Four MSOs Fuel Anti-Merger Fire

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A group of cable operators, led by Cox Communications Inc., continues to heckle the proposed merger of News Corp. and DirecTV Inc. as a recipe for higher cable rates.

The MSOs have warned regulators that News's control of DirecTV parent Hughes Electronics Corp. would push cable rates upward, due to the market leverage gained by combining a major owner of broadcast stations and the largest direct-broadcast satellite company, with more than 11 million subscribers.

In an Aug. 4 filing, Cox told the Federal Communications Commission that if cable companies don't agree to pay more for access to Fox TV stations and regional sports networks, News will injure the cable companies by making its "must-have" programming available to DirecTV and other cable competitors.

The MSOs joining Cox were Advance/Newhouse Communications (parent of the BrightHouse Networks systems), Cable One Inc. and Insight Communications Co.

The MSOs called on the FCC to adopt "target conditions" to avert threats to consumer welfare.

In the past, News has said that withholding programming from cable — which controls close to 70% of the pay TV market — for the exclusive benefit of DirecTV, which holds 13%, made no economic sense.

But the MSOs outlined for the FCC — which must approve the deal — how their scenario for a News-driven escalation in cable rates would play out. News, they said, would deny access to Fox-owned TV stations and Fox Sports Net regional sports channel to a few small and midsized operators, unless they paid more money.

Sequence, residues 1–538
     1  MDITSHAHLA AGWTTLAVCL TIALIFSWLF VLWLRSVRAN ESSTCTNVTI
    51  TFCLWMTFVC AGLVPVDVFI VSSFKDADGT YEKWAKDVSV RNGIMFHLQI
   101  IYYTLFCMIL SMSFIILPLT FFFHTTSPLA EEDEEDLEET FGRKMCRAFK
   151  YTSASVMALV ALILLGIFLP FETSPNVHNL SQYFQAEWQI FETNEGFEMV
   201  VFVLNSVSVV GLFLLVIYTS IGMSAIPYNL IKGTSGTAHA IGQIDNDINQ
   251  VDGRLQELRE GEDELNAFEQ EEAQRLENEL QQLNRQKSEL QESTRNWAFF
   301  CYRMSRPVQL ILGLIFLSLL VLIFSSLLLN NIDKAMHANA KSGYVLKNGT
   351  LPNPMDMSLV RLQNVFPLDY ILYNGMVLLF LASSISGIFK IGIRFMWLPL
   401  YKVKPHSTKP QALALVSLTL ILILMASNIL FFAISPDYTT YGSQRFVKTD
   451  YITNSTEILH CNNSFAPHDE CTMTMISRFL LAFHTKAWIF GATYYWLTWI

That strategy would minimize financial risk to News — which actually might benefit financially if cable subscribers abandoned their cable company for DirecTV to view Fox programming — while putting pressure on other operators not to drop Fox programming.

"By placing a cable operator in the position of either giving in to higher programming fees for 'must-have' content, or ceding such content to its chief rival, the transaction creates a structural circumstance in which an adverse impact on consumer welfare — in the form of higher prices or reduced output — is inevitable," the MSOs said.

Murdoch has agreed to abide by cable's program-access rules, that is, to make News-owned programming available to competing distributors at nondiscriminatory rates. However, he declined to include access to his company's 35 local TV stations, the broadcast home of many National Football League games, in his commitment.

Murdoch said the inclusion of the TV stations would put Fox at a disadvantage against NBC, ABC, and CBS.

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